- Recognize the characteristics of a properly-established excavation site.
- Recognize cave-in protection requirements and identify proper procedures to keep employees safe in an excavation.
- Identify hazards in and around an excavation or trenching site, as well as necessary precautions and protective measures to keep employees safe from them.
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Deaths caused by excavation cave-ins accounts for nearly 1% of all annual occupational deaths in the nation.
Before you begin any excavation, trenching, and shoring activities, you need to take specific steps to setup the site to avoid the accidental disruption of utilities, and assure the stability of adjacent structures—you need to engineer some controls and take precautionary measures. For examples, you need to ensure your safe access into and out of the excavation and avoid the hazards of contaminated atmospheres, falling materials, and the collapse of excavation walls, through the use of protective systems. There’s a lot that can go wrong with these scenarios, so awareness and preparedness are, as usual, critical priorities for protecting the workforce.
Prior to opening an excavation, you must take the proper steps to protect yourself, other employees, and any underground equipment. One of the first steps is for your employer to determine the location of utility installations, such as sewer, telephone, fuel, electric, and water lines, or any other underground installations. Most areas have a ‘call before you dig’ local resource for locating problem dig areas, so that’s a good number to have and share with your team; if excavation work is a daily part of your business, that number should be memorized.
To ensure your safety, the excavation must have a proper method of access and escape. Depending on the size of the excavation, this can include structural ramps, stairs, or ladders, used only by authorized employees; it is important to clearly mark areas to keep non-participants, like other contractors on a job site, out and away for excavation operations.
Here are some basic safety precautions for excavation work:
- Excavations that are less than four feet in depth do not require a stairway, anchored ladder, or ramp. Excavations that are four or more feet in depth require one of these structures, or other safe means of access and egress. This prevents employees from having to travel more than 25 feet to get out of the excavation from any point within the excavation.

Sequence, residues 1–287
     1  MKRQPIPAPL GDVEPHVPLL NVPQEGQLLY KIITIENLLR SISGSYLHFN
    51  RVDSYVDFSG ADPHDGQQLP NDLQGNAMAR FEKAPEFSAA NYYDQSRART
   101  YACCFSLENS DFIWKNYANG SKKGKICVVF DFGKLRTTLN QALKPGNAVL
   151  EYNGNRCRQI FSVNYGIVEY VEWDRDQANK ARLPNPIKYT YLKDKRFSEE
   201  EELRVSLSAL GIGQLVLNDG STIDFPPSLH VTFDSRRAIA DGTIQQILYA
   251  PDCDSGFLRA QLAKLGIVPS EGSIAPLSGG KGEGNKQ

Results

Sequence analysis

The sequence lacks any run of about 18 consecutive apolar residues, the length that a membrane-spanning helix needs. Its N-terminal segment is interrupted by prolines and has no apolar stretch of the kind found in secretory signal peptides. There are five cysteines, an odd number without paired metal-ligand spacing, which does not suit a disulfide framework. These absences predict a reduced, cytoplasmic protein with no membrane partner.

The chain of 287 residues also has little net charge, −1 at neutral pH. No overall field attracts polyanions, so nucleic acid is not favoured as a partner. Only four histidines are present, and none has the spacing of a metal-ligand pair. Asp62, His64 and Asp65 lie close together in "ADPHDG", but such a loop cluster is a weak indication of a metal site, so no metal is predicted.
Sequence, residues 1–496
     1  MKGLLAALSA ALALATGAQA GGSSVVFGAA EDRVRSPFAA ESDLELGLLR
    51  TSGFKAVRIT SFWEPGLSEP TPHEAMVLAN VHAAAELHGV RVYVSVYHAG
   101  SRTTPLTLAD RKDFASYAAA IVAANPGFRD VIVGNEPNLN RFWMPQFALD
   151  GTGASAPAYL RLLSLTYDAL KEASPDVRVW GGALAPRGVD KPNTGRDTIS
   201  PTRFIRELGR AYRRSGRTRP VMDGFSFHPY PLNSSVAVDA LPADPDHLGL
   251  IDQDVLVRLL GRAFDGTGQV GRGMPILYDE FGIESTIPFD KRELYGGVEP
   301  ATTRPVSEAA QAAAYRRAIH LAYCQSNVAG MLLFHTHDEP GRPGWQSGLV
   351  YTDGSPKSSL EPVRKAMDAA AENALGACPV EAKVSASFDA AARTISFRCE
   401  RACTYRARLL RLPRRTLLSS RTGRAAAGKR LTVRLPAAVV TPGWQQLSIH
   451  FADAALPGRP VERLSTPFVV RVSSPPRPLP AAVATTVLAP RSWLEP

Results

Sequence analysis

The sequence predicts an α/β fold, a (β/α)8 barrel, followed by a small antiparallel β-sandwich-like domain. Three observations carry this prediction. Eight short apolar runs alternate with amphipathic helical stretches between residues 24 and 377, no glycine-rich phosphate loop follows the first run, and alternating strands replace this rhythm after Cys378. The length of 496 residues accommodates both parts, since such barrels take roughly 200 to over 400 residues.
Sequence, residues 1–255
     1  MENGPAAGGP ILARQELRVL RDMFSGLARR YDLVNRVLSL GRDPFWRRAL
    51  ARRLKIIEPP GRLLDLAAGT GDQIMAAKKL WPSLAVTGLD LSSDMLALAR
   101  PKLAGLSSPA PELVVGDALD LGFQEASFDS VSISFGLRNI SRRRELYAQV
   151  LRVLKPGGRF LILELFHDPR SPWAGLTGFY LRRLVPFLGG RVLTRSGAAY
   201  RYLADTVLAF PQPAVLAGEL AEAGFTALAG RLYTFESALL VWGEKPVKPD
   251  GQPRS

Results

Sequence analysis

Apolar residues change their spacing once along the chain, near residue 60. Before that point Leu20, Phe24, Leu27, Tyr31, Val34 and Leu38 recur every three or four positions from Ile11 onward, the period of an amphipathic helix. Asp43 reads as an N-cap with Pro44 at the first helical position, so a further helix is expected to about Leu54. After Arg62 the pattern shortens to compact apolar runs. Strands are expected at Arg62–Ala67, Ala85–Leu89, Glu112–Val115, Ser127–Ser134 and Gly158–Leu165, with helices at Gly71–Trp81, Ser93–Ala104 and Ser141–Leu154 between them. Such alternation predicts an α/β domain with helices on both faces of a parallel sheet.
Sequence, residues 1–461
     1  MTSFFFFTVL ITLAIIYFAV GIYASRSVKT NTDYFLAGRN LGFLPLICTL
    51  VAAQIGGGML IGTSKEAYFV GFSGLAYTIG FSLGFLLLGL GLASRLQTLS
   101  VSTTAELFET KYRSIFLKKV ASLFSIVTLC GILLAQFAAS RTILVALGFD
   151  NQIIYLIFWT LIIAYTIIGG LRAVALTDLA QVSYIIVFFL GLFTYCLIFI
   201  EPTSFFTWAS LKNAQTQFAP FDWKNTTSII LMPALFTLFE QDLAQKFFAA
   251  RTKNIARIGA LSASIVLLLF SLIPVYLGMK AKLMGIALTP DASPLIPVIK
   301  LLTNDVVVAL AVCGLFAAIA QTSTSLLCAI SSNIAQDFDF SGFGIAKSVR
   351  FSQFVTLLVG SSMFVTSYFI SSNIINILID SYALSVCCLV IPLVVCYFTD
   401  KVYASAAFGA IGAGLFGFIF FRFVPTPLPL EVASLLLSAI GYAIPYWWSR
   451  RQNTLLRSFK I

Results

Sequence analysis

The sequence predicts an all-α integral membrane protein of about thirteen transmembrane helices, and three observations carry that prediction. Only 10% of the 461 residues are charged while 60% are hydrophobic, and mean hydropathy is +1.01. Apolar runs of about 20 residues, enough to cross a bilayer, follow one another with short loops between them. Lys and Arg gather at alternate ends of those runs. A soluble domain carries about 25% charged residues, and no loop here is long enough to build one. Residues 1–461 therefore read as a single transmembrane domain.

- Also, walkways must be provided where employees or equipment are permitted to cross over excavations. Guardrails, complying with OSHA requirements, must be provided where walkways are 6 feet or more above lower levels. Stay aware of your surroundings. Never go beneath loads handled by lifting or digging equipment.
- Stay away from vehicles being loaded or unloaded, to avoid being struck by any spillage or falling materials. Operators can stay in vehicle cabs that are being loaded or unloaded when the vehicles are equipped to provide adequate protection for the operator.
- Warning devices are required if mobile equipment is operated next to or near the edge of an excavation and the operator does not have a clear view of the edge of the excavation. Warning systems include barricades and stop logs, and hand or mechanical signals. If possible, any grade should be sloped away from the excavation.
- Keep emergency rescue equipment on hand. A breathing apparatus should be on site, as well as a safety harness and lifeline, both of which are required in confined spaces, and a basket stretcher.
- To prevent surface water from entering the excavation and to provide adequate drainage of the area next to the excavation, use diversion ditches, dikes, or other suitable methods.
- In situations where the stability of nearby buildings, walls, or other structures is endangered by excavation operations, support systems are required. These systems may include shoring, bracing, and underpinning, to ensure stability and protect employees.
- In an excavation, you must be protected from cave-ins by a protective system. Protective systems include sloping and bench systems, and support systems, such as aluminum hydraulic shoring. These systems must have the capacity to resist any reasonably expected load that could be applied to the system.
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